by Leah Navarro
Light a candle for Connie.
Concepcion “Connie” Jayme-Brizuela was only fifty-six when she was viciously murdered. She was shot in the face and chest several times, her brother Manuel Jayme could not fathom why anyone would use so much force against a woman that stood at only 4’8”. Her mother, Irene Gepolio-Jayme, was too distraught to cry upon seeing Connie’s body. Mothers should never see their children so violated. Connie’s three children did not deserve to be orphaned so soon.
Connie was a famous human and women’s rights lawyer in Mindanao. Her friend, Rep. Neri Colmenares, remembers her as “feisty and fiery”, especially when prosecuting cases against the high and mighty. That she encountered difficulty would be an understatement. Neri always felt more confident when working with her. She was a relentless force for the downtrodden and never shirked from a challenge as she practiced her formidable legal skills all over Mindanao.
Connie was a founding member of UPLM, the Union for People’s Lawyers in Mindanao and a co-convener of INPEACE (Initiatives for Peace), a grassroots movement dedicated to bringing peace and justice to Mindanao. She was no stranger to death threats, moved away to Negros when the threats intensified. But, that move was meant to keep her family safe as she continued to travel back to Mindanao for work.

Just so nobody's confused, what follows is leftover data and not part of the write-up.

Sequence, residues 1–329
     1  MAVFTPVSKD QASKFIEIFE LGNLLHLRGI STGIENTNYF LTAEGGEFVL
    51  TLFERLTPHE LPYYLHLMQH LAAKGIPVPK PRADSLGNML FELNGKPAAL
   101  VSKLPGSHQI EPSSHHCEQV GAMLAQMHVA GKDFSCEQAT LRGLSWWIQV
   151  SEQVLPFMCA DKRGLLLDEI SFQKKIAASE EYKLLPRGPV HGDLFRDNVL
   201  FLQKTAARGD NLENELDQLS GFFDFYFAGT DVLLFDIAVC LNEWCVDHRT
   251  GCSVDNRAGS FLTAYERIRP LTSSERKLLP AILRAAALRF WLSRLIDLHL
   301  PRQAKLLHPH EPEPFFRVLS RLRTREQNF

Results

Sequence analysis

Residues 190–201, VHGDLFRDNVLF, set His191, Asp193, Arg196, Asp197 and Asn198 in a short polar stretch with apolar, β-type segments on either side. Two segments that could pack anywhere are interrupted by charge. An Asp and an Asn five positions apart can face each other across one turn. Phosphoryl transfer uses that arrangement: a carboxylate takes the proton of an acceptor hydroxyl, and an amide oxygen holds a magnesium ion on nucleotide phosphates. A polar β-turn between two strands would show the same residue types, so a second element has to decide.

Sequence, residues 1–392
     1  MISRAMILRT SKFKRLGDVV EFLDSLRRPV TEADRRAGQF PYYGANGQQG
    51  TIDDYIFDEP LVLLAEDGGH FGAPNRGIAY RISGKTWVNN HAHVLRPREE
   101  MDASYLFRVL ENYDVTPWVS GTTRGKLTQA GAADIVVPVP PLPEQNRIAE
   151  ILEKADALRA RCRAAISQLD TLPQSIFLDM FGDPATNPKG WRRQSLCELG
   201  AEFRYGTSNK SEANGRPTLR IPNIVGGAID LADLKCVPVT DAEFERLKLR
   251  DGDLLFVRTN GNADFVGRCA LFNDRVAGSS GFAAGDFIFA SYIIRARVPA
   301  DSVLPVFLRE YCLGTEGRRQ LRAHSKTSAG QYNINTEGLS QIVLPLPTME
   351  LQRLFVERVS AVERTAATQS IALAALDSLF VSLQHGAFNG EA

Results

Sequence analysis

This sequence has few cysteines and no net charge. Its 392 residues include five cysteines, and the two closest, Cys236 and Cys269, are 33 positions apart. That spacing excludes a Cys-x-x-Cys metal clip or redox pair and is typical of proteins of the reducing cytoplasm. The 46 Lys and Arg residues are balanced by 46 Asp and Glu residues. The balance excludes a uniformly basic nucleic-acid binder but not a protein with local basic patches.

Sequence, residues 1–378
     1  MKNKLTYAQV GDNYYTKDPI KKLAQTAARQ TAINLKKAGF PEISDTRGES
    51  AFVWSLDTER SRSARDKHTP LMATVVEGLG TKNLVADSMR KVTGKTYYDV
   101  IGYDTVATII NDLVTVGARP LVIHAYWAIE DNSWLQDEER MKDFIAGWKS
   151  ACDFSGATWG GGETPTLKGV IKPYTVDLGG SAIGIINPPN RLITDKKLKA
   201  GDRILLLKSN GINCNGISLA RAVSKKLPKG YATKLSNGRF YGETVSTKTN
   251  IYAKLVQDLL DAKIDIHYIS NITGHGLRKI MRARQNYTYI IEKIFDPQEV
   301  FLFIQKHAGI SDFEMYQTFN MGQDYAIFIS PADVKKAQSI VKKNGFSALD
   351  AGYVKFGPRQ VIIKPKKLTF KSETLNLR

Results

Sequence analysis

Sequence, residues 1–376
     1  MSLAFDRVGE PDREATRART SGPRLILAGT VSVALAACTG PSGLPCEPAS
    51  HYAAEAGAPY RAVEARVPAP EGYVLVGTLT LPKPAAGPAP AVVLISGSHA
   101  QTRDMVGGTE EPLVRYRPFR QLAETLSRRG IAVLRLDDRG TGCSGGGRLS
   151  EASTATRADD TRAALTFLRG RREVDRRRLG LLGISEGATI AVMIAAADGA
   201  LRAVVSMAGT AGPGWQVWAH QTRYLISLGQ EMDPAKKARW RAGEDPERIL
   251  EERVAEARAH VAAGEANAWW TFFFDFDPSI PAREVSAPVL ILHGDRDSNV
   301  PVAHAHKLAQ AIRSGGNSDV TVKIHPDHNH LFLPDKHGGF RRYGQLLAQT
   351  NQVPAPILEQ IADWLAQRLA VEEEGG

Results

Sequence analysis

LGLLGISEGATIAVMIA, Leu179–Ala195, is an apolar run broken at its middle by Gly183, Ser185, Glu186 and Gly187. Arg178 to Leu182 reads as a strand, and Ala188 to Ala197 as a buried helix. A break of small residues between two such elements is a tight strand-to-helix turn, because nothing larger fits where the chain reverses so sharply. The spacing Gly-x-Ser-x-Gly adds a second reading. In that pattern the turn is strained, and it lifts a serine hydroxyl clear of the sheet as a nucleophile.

It was no surprise, then, that Connie Brizuela would lend her expertise as a volunteer lawyer to the Noynoy/Mar campaign. She probably believed, as so many of us believe, that she could help return good governance to our country through Noynoy and Mar. And so, ever the helpful one, Connie accompanied Genalyn Tiamson-Mangudadatu and the rest of her party on the trip to Sharif Aguak. She went along as the Liberal Party lawyer tasked to assist Genalyn in filing her husband’s certificate of candidacy at the Comelec office.
One can only imagine the terror that took hold of Connie and her fifty-six companions that Monday morning. How can anyone picture the inhuman butchery inflicted on defenseless human beings? Connie must have been among the first to stand up to their murderers, unafraid and defiant. That would have been her natural response. However, a stout heart, a passion and commitment to fight evil, zeal for her beloved Mindanao, were not enough to stop a hail of bullets from ending her all too short life.
Connie’s friends will no longer hear her full throated laugh, as Neri likes to describe it. He also said, “we lost a colleague, a fierce human rights advocate”. She will no longer browse through her favorite “ukay ukay” stalls in Cagayan de Oro. Her family is bereft of her embrace, and our country has lost another champion of human rights.
Let us not forget Connie. Say a prayer for Connie and her slain companions. In your own way, step into her shoes and continue her quest. Light a candle for Connie.